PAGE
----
Thursday, September 22, 2016
DON’T BREATHE (Fede Alvarez, 2016)
Rocky (Jane Levy), her boyfriend Money (Daniel Zovatto), and their friend Alex (Dylan Minnette) keep cash in their pockets by breaking into houses and committing small thefts in the Detroit area in DON’T BREATHE. Alex’s father runs a home security company, so the three thieves know how to disable the systems and have access to keys for the properties they target. Rocky and Money are eager to skip town for California but need a big score to make that possible.
Rumor has it that a blind Gulf War veteran (Stephen Lang) has squirreled away a large amount of cash from a lawsuit over his daughter’s wrongful death in a car accident. The blind man lives alone in a neighborhood that has been otherwise abandoned. From scouting his place, it appears that he doesn’t leave very often, which would be a problem for them in almost every other instance. Ordinarily they wouldn’t rob a residence when someone is in it, but based on the homeowner’s visual impairment and the supposed $300,000 waiting to be taken, they decide it is worth the risk. Things don’t go according to plan, though. The blind man becomes aware of the intruders in his home and locks them in with the intention of killing them.
Although the blind man’s home has numerous points of egress, director and co-writer Fede Alvarez does nimble work in eliminating escape routes for the thieves to maintain the tension. When they find what seems like a sure way out, the option is inevitably removed for a sound reason. Alvarez treats the house as a labyrinth whose dead ends also contain some unwelcome surprises. Rather than battering the audience with lots of quick cuts and a clamorous soundtrack, DON’T BREATHE provides space via longer, smooth shots to let the dread-raising hunt develop and through the quiet stillness necessary for the hunted to avoid detection.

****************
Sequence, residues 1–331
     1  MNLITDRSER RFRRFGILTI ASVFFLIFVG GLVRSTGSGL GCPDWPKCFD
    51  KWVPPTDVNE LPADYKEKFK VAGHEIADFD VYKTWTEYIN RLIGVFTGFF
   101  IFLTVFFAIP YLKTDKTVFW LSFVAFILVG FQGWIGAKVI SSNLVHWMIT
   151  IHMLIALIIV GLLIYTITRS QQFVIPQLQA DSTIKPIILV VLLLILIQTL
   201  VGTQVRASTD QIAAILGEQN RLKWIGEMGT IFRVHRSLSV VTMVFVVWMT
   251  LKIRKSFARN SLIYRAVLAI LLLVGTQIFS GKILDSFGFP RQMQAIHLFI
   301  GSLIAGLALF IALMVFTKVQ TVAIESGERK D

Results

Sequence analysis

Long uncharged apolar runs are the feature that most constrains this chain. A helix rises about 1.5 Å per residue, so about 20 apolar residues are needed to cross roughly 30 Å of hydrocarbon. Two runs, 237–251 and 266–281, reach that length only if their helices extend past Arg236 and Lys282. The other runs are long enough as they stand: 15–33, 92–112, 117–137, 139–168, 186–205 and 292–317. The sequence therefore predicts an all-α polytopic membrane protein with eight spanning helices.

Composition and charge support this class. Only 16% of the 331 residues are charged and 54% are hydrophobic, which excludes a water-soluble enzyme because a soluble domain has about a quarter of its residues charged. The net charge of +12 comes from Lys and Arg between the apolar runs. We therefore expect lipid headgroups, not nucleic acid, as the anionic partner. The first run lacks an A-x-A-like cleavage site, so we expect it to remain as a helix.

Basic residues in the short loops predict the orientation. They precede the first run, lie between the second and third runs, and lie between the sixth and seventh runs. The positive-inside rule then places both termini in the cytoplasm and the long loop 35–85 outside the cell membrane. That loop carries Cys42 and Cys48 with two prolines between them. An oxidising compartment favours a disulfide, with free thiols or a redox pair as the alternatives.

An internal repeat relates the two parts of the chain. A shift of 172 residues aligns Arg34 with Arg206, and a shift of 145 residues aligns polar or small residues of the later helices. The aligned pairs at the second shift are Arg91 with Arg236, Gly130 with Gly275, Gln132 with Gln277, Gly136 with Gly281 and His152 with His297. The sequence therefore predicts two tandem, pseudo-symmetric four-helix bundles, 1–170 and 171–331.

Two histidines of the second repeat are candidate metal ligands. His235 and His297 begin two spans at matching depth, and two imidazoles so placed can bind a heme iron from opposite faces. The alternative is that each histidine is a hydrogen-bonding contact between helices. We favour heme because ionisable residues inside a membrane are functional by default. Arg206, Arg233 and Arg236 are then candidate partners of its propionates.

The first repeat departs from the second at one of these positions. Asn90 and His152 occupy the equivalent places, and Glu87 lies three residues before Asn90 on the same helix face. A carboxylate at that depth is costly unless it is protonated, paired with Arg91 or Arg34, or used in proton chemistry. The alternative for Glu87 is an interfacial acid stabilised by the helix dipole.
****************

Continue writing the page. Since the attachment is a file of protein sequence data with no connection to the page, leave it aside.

For all of the solid effort put into sustaining a high degree of uncertainty regarding who will endure the ordeal, DON’T BREATHE’s brief, in media res opening seems like a significant dramatic mistake. With the limited number of characters trying to flee the house, revealing one of those who will survive at least close to the film’s conclusion reduces much of the guesswork and thrills related to this person’s path to that point. It isn’t a fatal error, as Alvarez is skilled at conveying the urgency of individual moments, but the choice seems misguided in view of the care put into the thriller’s suspenseful design.
Although DON’T BREATHE features no conventional heroes, Lang’s blind man is, without question, the villain. The character already is at an advantage by knowing the layout of the house, and with some scenes occurring in near or total darkness, his blindness can serve as an edge he holds over his prey. Lang’s rippling arms and intense demeanor solidify his position as the predator. The thieves, while clearly on the wrong side of the law, are in over their heads. Levy in particular registers the terror of the situation and the instinctive will to live beyond the traumatic experience. The requirement to hint at potential sequels is a lamentable staple of the genre--continuing this story seems like a fool’s errand--but it doesn’t undermine the scares DON’T BREATHE musters.